REPORT: Majority of American parents say paying for college main financial concern
For seven out of 10 American parents, saving for college is a major financial concern.
A recently released Gallup poll found that 73 percent of Americans with children under the age of 18 are either “moderately worried” or “very worried” about saving enough money to put their children through college. For these Americans, the burden of college savings even apparently tops their anxiety about retirement.
In fact, Gallup noted that “parents worry more about college funding even more than the most financially vulnerable group—low-income Americans—worry about any financial matter.”
As originally reported by CNS news, even 61 percent of Americans with an annual household income of $100,000 or more expressed worry about saving for college.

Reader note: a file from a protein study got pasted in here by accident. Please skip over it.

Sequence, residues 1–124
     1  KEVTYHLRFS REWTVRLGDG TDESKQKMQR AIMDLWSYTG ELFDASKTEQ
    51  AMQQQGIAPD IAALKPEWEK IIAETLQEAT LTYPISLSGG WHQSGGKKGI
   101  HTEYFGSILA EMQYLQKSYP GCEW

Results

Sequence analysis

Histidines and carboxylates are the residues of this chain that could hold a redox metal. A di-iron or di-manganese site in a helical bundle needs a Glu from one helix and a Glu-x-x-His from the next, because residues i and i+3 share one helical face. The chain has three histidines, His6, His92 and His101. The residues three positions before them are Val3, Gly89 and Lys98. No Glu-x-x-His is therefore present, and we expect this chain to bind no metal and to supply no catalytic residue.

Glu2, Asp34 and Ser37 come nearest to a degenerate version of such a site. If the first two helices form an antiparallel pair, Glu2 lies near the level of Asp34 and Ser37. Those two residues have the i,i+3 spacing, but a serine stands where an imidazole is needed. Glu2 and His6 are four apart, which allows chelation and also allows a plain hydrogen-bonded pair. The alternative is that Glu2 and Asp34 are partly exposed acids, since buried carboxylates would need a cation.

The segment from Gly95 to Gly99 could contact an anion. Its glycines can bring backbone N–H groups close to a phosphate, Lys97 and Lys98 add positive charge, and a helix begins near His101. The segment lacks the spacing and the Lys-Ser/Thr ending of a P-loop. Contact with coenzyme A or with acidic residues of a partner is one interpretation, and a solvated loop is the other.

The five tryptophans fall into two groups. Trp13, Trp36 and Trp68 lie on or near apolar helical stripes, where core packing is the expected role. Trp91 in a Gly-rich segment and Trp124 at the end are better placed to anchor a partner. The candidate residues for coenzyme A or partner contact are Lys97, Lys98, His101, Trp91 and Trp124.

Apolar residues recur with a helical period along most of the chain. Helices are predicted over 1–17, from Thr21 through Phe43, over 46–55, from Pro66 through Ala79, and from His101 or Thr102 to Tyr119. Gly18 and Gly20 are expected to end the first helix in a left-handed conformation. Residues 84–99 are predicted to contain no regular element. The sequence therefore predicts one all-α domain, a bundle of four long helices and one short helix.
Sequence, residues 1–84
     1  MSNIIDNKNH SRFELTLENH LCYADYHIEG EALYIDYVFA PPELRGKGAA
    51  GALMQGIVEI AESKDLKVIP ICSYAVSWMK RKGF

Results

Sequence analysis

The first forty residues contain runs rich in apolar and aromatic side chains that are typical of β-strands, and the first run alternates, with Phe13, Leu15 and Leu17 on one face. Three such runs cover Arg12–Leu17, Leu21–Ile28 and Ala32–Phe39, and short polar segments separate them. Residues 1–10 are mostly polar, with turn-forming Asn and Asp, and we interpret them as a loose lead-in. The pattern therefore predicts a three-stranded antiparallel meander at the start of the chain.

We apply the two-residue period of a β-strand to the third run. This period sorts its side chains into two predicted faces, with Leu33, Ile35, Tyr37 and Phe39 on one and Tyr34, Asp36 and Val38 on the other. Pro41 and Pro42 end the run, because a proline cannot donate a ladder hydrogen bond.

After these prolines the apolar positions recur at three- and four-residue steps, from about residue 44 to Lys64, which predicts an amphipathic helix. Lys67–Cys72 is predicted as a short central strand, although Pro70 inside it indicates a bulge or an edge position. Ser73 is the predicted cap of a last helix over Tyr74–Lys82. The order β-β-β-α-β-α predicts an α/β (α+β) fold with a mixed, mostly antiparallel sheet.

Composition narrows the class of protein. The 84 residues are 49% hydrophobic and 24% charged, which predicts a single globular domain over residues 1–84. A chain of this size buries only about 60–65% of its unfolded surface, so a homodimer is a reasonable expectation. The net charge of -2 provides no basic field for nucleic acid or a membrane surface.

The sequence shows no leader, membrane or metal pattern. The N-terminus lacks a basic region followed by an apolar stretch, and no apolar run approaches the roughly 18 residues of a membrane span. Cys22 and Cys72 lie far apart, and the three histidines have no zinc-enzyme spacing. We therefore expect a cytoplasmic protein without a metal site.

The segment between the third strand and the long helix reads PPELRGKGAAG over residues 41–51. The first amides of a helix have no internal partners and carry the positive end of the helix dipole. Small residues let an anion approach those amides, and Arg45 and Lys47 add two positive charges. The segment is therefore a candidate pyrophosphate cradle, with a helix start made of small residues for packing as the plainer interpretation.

According to the College Board, the average cost of tuition and fees and room and board at a public four-year in-state institution for the 2014-15 school year was $18,943. This number was $32,762 for out-of-state public schools and $42,419 for private schools.
In 2014, The Institute for College Access and Success (TICAS) reported that 70 percent of college graduates from the class of 2013 left school with student loan debt. The average amount of debt amounted to $28,400.
According to the National Association of Colleges and Employers, the average starting salary for the class of 2013 was $45,327.
“Though it is well-documented that college graduates earn far more over their lifetime than those who do not graduate college, that finding is not enough to ease parents' worry about how they will pay for their children's education,” the Gallup poll said.
Tellingly, the poll found that “parents' worry about paying for college exceed[s] the level of worry for any other subgroup about any other financial matter.”
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